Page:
Jeff Lemberg - Communication/Multimedia Journalism


When Assistant Professor of Communication Jeff Lemberg arrived at Curry College, part of his charge was moving the program curriculum into the multimedia world - a world that has become increasingly important, especially within the media industry, and one that demands a broad set of skills for success.

Lemberg, who specializes in Journalism and Media Studies, puts a high priority on teaching these comprehensive skills, as well as providing the opportunity for hands-on learning and experience.

"I really emphasize what it takes to produce a great piece of journalism, and, because the technology quickly gets outdated, teaching students how to learn. So it's about skepticism, research, relationship building, problem solving and critical thinking and writing."

And importantly, these core skills taught and learned through multimedia journalism, can also be applied in a variety of industries.

"What's nice about Curry is that we have a very diverse Communication department; I work with students whose primary focus is public relations, others whose interests lie with TV broadcasting or with newspaper/web work for example."

One of the most prevalent social technologies, widely adopted by all these professional communication fields, is a microblogging platform that you may have heard of. 

"I incorporate Twitter a lot into my courses. One, it's about source development; how do you use this as a network to expand your circle? The second is getting students to write concisely."

Hands-on learning is vital and has a real utility once in the professional world, so during the recent 2012 Presidential election Lemberg had his students tweeting their reactions live about the debates.

"Social media is flooded with 'I think,' so I've been teaching how to use it for reporting - What did you observe?  What happened? How do you tell stories to those who need information?"

And as the advisor to the student-run newspaper, The Currier Times, Lemberg has continued this focus on where the media industry is currently, and where it's headed -all to better prepare his students for life after Curry.

For example, before his arrival the paper was only offered in print form, but it's now transitioned online and reports the news to the community through many different story-telling technologies.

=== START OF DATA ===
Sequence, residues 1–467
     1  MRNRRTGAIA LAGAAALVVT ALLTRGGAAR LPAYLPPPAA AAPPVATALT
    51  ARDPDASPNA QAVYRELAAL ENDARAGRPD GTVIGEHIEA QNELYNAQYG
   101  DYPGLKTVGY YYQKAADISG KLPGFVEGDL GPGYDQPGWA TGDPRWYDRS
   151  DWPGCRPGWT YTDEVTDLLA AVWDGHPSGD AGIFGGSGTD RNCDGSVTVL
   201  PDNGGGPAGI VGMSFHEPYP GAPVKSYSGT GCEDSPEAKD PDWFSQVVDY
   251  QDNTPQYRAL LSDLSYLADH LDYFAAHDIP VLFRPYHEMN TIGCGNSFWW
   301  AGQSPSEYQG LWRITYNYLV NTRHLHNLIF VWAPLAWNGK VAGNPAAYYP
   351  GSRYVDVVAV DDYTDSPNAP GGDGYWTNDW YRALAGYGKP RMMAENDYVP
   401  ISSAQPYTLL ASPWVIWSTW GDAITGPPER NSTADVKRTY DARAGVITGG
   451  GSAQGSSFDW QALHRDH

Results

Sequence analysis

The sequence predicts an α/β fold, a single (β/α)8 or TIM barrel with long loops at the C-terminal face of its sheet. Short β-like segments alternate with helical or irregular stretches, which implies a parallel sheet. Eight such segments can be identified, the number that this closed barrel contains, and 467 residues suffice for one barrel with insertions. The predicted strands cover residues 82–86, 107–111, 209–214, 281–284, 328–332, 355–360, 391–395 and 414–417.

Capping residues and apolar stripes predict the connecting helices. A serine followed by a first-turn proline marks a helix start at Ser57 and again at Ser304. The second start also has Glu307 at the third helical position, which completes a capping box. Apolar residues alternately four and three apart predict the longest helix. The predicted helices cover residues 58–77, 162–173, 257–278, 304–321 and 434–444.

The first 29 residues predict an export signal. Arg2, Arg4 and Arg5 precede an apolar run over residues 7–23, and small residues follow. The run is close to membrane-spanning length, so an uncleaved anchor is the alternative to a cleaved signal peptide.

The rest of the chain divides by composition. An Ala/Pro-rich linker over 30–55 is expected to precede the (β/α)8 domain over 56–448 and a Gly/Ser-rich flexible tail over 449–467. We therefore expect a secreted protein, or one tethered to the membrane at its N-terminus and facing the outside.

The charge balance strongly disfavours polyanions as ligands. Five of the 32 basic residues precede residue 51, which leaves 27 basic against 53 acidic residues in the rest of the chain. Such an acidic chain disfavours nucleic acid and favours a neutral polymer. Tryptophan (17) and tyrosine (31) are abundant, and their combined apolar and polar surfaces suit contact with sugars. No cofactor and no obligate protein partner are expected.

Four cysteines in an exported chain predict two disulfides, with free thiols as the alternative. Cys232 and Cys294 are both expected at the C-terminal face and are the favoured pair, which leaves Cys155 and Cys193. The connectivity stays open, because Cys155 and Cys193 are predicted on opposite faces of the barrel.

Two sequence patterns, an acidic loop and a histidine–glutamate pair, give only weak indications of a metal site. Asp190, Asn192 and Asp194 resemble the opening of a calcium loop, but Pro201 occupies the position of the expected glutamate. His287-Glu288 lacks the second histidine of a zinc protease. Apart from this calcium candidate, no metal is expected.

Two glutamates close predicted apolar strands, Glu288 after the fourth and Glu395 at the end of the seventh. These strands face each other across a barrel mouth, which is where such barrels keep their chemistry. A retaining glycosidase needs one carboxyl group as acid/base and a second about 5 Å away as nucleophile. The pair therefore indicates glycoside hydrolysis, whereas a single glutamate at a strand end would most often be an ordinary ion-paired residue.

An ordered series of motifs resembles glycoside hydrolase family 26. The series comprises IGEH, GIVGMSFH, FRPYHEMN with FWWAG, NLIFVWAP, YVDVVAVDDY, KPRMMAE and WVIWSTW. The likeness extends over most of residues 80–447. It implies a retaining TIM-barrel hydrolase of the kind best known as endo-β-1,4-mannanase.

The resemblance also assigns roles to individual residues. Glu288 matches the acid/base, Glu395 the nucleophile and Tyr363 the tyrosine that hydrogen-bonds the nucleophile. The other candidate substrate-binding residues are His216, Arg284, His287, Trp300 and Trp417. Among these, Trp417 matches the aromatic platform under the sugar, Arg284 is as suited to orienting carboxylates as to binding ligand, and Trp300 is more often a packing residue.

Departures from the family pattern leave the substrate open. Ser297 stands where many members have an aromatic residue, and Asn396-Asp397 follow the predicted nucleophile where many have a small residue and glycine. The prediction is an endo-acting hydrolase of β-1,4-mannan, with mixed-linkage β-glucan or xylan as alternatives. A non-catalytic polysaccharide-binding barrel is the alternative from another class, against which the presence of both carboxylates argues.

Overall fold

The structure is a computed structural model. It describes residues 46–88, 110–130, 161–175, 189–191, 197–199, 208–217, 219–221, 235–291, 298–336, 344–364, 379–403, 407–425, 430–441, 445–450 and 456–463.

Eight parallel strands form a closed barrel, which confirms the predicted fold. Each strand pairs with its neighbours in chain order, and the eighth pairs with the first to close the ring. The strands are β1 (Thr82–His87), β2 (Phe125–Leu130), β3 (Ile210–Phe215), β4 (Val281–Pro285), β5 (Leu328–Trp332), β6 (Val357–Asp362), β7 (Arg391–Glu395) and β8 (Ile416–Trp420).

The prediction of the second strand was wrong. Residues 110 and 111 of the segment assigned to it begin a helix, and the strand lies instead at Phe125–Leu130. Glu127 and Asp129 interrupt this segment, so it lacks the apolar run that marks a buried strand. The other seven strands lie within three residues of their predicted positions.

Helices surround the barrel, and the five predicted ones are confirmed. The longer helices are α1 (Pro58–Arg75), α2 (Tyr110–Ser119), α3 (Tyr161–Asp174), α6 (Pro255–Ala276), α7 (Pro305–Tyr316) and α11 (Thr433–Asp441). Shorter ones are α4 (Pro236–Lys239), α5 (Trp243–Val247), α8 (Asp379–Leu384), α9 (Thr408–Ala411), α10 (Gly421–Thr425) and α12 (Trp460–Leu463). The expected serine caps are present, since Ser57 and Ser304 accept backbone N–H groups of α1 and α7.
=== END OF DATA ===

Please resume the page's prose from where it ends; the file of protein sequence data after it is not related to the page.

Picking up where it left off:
"One of the first things we did was build a website and got students thinking more about the packaging of content. Not because it's faddish and the thing to do, but because that's where the industry is."

Students are now blogging, doing photo slideshows, podcasting, using video and learning about the importance of linking out to things to provide context to their reporting. 

All things that students now need to know to have options in the industry.

And this approach's success is illustrated by communication students currently interning and working at such places as The Patriot Ledger, The Boston Globe and the Boston Herald.

"Twenty years ago you really wanted to specialize in something and today the news media are looking for people who are a 'jack of all trades.'"

"And that's one of the greatest values of multimedia, you need to be able to write the long-form story, but you also need to be able to tweet about breaking news as it happens. You need to do your own photography and shoot your own video and to edit it all." 

And as a communication professor today it's imperative to keep an eye on industry trends and changes as the media and journalism landscapes are in a continual state of flux.

But as a journalist of 15 years, writing for newspapers such as The Boston Globe, as well as magazines (Lemberg helped launch a sports magazine in the late 90s, which was later sold to ESPN) and websites, he's witnessed a lot.

And when talking about his thoughts/predictions about these upcoming changes Lemberg believes that "long-form [journalism] isn't going anywhere. I do think a lot of smaller newspapers are going to curtail their publishing, so you're not going to see 7-day-a week newspapers in the same number you do today."

A good deal of them will likely move to nondaily print publishing, with a large Sunday edition and a Tuesday and Thursday edition, he suggests.

"There is always going to be a need for credible information. The problem is, how do you monetize it?" 

Although the future business model of journalism is a murky and much debated topic, being a faculty member at Curry has its clear advantages according to Lemberg.

"What's nice about Curry is that it's a small school, so as a professor you have the opportunity to develop courses and experiment more than you would at a larger school."

"Another appeal is that it's first and foremost a teaching college. We put a priority on working with the students, and that's what I enjoy doing."


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